Project Area: 1,349 sqm
Collaborators: Toyo Ito, Christoph Cellarius, and Florian Busch
Tokyo-Berlin/Berlin-Tokyo was an exhibition showing the 150-year-long history of mutual exchange in painting, architecture, graphic, photography, film, video, and performance. The exhibition comprised over 530 works showing how movements of influencing each other shifted between these two cities and culminated in the upper hall of the New National Gallery with the works of living artists from Tokyo and Berlin.
Our design for the upper hall showed the multitude of varying relations between contemporary Tokyo and Berlin. In contrast to the density of the basement, the curators suggested that the upper hall was to show the works of only about a dozen contemporary artists.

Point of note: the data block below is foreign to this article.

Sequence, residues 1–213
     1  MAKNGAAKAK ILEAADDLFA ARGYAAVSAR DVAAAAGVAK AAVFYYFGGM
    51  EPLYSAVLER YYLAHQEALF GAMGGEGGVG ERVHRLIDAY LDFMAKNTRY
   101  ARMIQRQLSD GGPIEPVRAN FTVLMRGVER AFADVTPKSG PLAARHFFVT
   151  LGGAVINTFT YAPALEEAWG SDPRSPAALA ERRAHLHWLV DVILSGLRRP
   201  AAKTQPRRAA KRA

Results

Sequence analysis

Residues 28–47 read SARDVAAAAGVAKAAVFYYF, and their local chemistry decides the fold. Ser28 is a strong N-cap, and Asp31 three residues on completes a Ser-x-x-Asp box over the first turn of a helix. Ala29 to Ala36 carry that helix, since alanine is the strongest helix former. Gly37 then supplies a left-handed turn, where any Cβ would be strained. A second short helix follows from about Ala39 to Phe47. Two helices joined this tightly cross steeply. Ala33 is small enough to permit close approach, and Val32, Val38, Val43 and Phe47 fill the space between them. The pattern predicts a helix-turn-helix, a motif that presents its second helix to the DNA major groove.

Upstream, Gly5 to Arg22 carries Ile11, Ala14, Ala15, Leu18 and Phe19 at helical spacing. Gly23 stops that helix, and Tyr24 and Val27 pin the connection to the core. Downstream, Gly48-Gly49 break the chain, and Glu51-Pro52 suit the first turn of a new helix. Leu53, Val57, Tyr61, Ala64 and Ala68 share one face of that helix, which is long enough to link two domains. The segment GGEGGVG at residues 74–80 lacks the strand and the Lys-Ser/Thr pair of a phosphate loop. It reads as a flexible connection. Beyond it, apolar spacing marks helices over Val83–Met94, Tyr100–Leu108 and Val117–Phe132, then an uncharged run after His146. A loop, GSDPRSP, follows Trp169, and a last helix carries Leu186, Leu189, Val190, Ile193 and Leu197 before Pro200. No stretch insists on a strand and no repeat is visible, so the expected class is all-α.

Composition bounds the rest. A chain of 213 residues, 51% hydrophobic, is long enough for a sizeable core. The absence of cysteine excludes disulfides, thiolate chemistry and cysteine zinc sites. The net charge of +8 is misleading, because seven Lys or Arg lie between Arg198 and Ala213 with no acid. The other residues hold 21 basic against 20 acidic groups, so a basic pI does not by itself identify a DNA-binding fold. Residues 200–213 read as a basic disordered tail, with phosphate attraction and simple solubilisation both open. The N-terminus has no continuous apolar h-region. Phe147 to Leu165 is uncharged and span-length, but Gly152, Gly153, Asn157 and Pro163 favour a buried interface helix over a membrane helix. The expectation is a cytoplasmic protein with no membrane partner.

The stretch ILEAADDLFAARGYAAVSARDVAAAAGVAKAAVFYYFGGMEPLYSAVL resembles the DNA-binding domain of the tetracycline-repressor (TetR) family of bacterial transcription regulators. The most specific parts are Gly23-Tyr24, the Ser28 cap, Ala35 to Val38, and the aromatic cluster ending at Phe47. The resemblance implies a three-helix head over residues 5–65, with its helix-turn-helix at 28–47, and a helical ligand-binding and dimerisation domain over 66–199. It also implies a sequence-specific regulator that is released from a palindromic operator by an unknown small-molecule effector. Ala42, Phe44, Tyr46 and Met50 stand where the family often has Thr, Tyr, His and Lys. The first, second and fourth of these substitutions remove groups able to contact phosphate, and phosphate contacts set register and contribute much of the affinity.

Finished in 1968, the New National Gallery is Mies van der Rohe’s last and arguably most modernist work. In this perfect square, cut out of an infinite Cartesian world and separated from its surroundings only by glazed walls, any exhibition design is faced with immense presence of the grid of roof and floor and the potential of the space’s homogeneous transparency.
Rather than building walls following or working against this grid, we proposed an exhibition design which would not be a top-down implant but translate Mies’s Cartesian grid into an undulating layer, gradually evolving in response to negotiations between the artists, the curators, and us. In engaging artists and curators early on in the design process, several feedback cycles led to a series of transformations of this layer which dissolved the Miesian absolute space into an exhibition of fluid, active relations.
The visitors to the exhibition freely wander in a landscape-become-exhibition. As there is not one predefined path but a multitude of unexpected encounters, the exhibition becomes an interactive experience. Moving up and down the hills, perceptions of the artworks change fluidly: The visitor keeps discovering new relations between artists and artworks, between Berlin and Tokyo.